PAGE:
Let’s take a moment to talk about the impact of mental illness on our Canadian employers and our economy. Loss of productivity, medical fees, and unemployment due to mental illness cost the Canadian economy more than $50 billion annually - and that is billion with a “b.” Every week a half-million Canadians miss work due to mental illness or a psychiatric issue. But then think about this: only 23 per cent of people say they would talk about their mental illness with their employer, and 20 to 25 per cent of people in the workforce are affected by a mental health problem every year - that’s not in their lifetime, they’re affected every year.
Why is that? Why is it that so few people will come forward and talk when we know the numbers are so high? The answer is very simple: it’s one word and it’s a word we all know well, and the word is “stigma.” Stigma is still alive and well; it runs so deep that countless people are continuing to struggle in silence. You don’t have to be a researcher or a statistics expert to know that. Think of yourself, your own family, your friends, and your extended community; think of the people you know who are impacted by a mental health concern. Are any of us immune? I know I’m not.
One of the hardest things I ever had to do as an employee at CTV for 23 years was walk upstairs to the HR Department and ask for the Employee Family Assistance Program phone number. I remember being so incredibly embarrassed and ashamed to be a producer and cohost of the Maritimes most-watched news organization and not be able to solve my own problems. I felt like it was a weakness. Today I can honestly say the only thing I am embarrassed and ashamed about is that it took me so darn long to work up the courage to walk up those stairs, because just as I wouldn’t expect to be able to cure myself of cancer or diabetes on my own, I don’t know why I had this thought that I could cope with my problems and figure them out on my own.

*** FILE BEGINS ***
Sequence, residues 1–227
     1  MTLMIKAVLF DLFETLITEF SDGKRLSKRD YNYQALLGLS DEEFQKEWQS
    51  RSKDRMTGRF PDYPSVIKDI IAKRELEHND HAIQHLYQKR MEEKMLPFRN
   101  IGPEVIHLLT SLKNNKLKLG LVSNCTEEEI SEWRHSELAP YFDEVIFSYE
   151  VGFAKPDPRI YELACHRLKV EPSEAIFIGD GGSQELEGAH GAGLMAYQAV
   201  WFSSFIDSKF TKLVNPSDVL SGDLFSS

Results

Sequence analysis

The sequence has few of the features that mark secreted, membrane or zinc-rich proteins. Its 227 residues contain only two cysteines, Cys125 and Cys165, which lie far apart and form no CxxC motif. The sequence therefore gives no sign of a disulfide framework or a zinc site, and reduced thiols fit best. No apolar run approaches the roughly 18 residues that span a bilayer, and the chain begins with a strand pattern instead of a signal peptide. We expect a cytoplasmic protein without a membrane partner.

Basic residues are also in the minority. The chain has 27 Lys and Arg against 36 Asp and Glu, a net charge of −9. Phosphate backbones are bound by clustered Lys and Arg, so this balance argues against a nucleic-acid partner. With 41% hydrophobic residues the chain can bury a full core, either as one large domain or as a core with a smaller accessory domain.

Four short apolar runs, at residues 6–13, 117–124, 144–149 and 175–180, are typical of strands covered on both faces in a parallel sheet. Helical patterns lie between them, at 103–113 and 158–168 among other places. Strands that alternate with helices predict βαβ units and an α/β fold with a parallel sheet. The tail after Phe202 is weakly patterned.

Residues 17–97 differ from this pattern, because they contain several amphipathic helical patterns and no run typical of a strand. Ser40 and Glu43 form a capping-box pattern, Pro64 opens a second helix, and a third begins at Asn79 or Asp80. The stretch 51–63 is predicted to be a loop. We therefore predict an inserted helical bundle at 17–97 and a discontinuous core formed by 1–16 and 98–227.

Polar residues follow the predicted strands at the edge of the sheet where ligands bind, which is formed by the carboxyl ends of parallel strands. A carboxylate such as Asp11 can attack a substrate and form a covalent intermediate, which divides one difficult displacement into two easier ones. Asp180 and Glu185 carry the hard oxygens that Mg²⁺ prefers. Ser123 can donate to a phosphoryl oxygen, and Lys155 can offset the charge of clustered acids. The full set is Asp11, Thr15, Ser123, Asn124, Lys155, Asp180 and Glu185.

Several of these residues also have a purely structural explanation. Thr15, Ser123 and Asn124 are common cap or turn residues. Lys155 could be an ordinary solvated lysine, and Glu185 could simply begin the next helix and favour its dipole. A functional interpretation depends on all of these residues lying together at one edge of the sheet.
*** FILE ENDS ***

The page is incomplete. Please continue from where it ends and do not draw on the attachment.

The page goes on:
What does my own personal experience say about the prevalence of mental health issues in our current labour force? It says to me that even when there are programs, and employees are educated and know they are there, they will have a difficult time admitting they need them. It’s one thing to see that EFAP contact information on a staff bulletin board, but it’s completely another thing to pick up the phone and make that call.
How can we change that? I’m going to go back to the power of the story again; talking about it helps. It sounds so incredibly simple but it’s not. Letting employees know there is a safe place to discuss their issues and concerns and, most importantly, identifying safe people who can have those personal conversations.
Nick Peters is the chair of our foundation. He is also the Director of Business Continuity at Emera. Nick is incredibly open about sharing his story of living with bipolar disorder. One of the reasons he can talk so candidly about the impact of bipolar on his life has to do with his employer, Emera; Nova Scotia Power is incredibly supportive of Nick. The company has its own peer support employee in its Health and Wellness Department and employees are encouraged to ask questions, share stories, pick up information, or simply visit the Peer Support Office. I like to use that as a great example of safe spaces at work and how they can truly make an impact.